You will need to be highly educated in the gerontology area of health care, as this is going to be a very big trend coming. It has started to a point but the main impact is still a couple of years away. Here at Allen School, I plan to get some of that training and be able to ride that wave until I’m one of them. Medical health has made it posible for people to live healther and live longer than ever before.
The age wave is an interesting topic. I am taking the medical billing and coding class and I am fifty two years young. So far the classes are fun except for the reading, being that this is an online course it requires a lot of reading. There are times when I get off the computer and go straight to the books to read and I have trouble trying to focus, but I am so happy to be able to do this online study. If it were not for the online classes I wouldn’t be able to participate. I have learned a lot and am looking forward to graduation next year.
Great information. This blog has a l lot of interesting time lines and history of our future seniors. I am a baby boomer coming in. I am proud of being a part of The Insurance Billing and Coding Program. I am liking the learning process on how to navigate in and around the internet and word documents. My Instructors keep showing up when I need them the most. I know I have a lot more learning and questions and anxious for it all to make sense. The biggest time waster for me is where to go to find what. That is where I know now that I can just ask and I will be on my way. Again – I am happy to be a part of the winning medical team.
I may be entering this field late in life, I am part of the last baby boomers, but I do know our generation, for the most part has good work ethics and dependablity. Its important to bring this to the work place no matter how old you are. I dont have many years left, but I want to spend them at a job that I love and enjoy.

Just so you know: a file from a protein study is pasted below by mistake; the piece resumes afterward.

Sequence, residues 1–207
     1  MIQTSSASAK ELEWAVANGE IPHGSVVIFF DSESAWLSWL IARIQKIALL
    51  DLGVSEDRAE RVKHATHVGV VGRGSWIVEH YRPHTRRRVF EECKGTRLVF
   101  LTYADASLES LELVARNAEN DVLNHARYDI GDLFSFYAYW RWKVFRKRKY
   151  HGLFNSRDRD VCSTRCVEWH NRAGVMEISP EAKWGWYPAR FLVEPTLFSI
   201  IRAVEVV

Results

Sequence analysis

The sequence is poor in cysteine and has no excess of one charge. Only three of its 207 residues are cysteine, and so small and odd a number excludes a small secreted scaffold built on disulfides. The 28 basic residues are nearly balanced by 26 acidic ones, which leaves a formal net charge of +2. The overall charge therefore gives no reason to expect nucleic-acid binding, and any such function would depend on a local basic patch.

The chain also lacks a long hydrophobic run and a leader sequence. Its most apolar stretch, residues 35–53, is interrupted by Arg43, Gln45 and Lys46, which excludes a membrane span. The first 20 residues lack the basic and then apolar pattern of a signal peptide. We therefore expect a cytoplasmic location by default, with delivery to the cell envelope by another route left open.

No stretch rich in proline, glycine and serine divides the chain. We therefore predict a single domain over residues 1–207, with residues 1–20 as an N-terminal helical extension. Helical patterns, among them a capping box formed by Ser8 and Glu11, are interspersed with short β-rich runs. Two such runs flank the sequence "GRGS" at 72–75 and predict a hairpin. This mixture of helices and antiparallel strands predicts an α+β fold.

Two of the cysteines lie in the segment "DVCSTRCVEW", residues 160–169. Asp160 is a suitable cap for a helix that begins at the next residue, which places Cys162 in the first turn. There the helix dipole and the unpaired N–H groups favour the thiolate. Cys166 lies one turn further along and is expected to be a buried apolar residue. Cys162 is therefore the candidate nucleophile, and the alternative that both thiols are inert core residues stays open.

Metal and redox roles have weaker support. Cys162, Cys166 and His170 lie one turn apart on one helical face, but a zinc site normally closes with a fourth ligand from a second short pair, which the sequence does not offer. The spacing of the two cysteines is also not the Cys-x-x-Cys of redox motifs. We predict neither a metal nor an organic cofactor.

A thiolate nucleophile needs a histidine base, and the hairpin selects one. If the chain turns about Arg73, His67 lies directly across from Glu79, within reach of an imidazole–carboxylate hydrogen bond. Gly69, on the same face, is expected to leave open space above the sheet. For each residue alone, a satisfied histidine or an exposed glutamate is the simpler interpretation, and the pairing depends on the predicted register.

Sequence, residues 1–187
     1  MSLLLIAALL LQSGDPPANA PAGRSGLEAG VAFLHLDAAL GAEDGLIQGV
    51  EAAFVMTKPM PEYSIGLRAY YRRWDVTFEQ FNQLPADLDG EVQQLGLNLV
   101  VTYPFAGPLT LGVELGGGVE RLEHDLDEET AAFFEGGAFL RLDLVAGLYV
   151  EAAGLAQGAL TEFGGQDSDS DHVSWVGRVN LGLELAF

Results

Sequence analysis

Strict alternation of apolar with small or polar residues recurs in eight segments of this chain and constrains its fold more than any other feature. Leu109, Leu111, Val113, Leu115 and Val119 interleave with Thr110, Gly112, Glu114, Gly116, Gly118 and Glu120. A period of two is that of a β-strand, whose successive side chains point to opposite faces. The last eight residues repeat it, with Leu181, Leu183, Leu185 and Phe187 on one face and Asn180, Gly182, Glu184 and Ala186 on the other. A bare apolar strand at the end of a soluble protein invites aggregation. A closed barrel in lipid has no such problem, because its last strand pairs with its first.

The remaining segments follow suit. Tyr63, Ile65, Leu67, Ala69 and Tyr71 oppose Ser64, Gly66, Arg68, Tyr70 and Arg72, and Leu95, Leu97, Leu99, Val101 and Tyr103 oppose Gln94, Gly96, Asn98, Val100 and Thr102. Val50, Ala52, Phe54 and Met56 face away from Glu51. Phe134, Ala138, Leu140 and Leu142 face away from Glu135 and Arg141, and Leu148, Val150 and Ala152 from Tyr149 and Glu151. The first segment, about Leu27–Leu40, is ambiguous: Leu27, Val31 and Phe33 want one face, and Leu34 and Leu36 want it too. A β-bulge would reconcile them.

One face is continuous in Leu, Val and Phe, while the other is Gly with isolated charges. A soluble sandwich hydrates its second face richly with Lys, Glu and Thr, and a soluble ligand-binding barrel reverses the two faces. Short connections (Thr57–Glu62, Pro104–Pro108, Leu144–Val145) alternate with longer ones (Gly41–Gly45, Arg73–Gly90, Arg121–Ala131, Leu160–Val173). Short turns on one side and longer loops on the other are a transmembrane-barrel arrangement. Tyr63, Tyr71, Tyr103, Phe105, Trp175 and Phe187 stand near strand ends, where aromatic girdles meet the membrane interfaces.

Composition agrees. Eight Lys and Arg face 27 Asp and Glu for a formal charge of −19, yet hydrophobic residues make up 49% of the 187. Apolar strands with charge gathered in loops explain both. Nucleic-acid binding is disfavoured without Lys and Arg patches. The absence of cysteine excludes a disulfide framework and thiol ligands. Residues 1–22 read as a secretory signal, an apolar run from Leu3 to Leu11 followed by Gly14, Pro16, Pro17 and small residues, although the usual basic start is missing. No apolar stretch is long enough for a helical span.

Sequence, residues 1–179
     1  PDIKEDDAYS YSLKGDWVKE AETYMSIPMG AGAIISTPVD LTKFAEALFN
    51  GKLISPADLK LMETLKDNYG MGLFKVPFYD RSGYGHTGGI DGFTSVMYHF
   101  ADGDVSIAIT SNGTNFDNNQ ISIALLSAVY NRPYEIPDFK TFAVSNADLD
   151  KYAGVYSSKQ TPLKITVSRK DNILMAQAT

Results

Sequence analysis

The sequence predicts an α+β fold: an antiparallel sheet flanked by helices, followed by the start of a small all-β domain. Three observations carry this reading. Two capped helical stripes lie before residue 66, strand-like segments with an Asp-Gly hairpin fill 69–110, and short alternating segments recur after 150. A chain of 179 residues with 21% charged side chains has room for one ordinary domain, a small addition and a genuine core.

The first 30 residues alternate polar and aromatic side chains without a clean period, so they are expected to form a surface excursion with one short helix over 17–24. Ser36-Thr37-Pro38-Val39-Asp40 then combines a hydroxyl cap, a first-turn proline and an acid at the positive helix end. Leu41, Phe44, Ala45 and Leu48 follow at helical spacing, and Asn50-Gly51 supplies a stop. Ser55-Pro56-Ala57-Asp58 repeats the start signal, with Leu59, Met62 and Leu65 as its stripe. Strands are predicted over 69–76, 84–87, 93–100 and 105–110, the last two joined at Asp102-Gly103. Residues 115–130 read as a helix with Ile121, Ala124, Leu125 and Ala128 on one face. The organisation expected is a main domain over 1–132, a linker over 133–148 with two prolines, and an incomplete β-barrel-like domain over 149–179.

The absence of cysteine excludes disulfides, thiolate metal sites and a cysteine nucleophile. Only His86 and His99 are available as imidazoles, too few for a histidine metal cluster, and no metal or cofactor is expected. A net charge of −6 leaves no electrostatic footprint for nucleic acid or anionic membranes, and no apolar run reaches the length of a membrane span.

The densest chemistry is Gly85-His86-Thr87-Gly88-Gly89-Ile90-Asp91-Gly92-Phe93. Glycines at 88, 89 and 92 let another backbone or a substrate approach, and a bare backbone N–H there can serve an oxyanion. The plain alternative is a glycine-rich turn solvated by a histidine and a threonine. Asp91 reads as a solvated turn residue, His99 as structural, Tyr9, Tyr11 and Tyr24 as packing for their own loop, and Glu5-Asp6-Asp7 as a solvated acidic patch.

One thing I found out from about 15 years ago until now is that there are so many ways to either look for job or educate yourself further. there are so many web sites you can apply for jobs in the medical field or any field for that matter anywhere. If you are planning on moving to another state when you graduate you can start looking and applying for jobs in that area before you even get there. I found sites like healthcareers-online.com which either enhance your skills or helps with job seeking opportunities. Then there is globalhealthjobs.com if you plan to move to Canada when you graduate. All a person has to do is make a game plan and follow through. This course I am taking at Allen School will teach me everything I need to know to succeed. The world is your oyster take a bite.
“Throughout the MIBC program, I was surprised to learn, that I still had a brain that could retain information. I had many times of doubt, and a good chatting with myself. But in the long run, this is a great career. The opportunities are so aout there in this world. We could travel international to do coding and billing, you could also have the opportunity to work for a military base, and any doctors office or hospital in the U.S.. Even though the economy is in a downward tilt, it will reverse itself, and then with that in mind we will have a great job market to choose from.
I’ve learned my ability to study again at my old age, that was a feat also. But I’m glad that I attended Allen School and went through this adventure with all my classmates. I will cherish all my time with you and. God Bless and God Speed.
Throughout the MIBC program I was surprised to learn how involved and complex coding can actually be. I never realized how much education and knowledge coders must have to do their jobs efficiently and effectively. I believe that a career in medical coding is going to be a challenging, yet rewarding, secure job. If I had known that this type of job existed years ago, I would have definitely signed on sooner. My personality and skills are quite suitable for coding–accurate, A-type, and organized. I look forward to a new and exciting career in Medical Insurance Billing and Coding. Thank you Allen School for giving me the tools to be successful in my new adventure!